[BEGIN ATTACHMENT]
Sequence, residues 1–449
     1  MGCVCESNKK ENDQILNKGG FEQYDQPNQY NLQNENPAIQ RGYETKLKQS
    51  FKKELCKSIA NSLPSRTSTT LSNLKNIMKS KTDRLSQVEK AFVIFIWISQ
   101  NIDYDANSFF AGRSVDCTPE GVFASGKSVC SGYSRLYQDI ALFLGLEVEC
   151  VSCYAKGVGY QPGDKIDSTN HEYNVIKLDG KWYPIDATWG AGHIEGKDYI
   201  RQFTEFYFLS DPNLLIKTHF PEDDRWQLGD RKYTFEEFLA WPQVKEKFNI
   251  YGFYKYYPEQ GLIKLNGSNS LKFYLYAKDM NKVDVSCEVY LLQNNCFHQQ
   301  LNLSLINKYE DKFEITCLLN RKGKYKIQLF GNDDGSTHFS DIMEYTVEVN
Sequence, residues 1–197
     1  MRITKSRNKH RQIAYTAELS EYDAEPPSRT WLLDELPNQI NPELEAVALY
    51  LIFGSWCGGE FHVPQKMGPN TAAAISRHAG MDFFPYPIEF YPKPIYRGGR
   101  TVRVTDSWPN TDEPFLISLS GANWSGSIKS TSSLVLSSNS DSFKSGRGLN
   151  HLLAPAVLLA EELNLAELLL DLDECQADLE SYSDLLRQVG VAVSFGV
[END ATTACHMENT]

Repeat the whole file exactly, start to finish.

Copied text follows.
Sequence, residues 1–449
     1  MGCVCESNKK ENDQILNKGG FEQYDQPNQY NLQNENPAIQ RGYETKLKQS
    51  FKKELCKSIA NSLPSRTSTT LSNLKNIMKS KTDRLSQVEK AFVIFIWISQ
   101  NIDYDANSFF AGRSVDCTPE GVFASGKSVC SGYSRLYQDI ALFLGLEVEC
   151  VSCYAKGVGY QPGDKIDSTN HEYNVIKLDG KWYPIDATWG AGHIEGKDYI
   201  RQFTEFYFLS DPNLLIKTHF PEDDRWQLGD RKYTFEEFLA WPQVKEKFNI
   251  YGFYKYYPEQ GLIKLNGSNS LKFYLYAKDM NKVDVSCEVY LLQNNCFHQQ
   301  LNLSLINKYE DKFEITCLLN RKGKYKIQLF GNDDGSTHFS DIMEYTVEVN
Sequence, residues 1–197
     1  MRITKSRNKH RQIAYTAELS EYDAEPPSRT WLLDELPNQI NPELEAVALY
    51  LIFGSWCGGE FHVPQKMGPN TAAAISRHAG MDFFPYPIEF YPKPIYRGGR
   101  TVRVTDSWPN TDEPFLISLS GANWSGSIKS TSSLVLSSNS DSFKSGRGLN
   151  HLLAPAVLLA EELNLAELLL DLDECQADLE SYSDLLRQVG VAVSFGV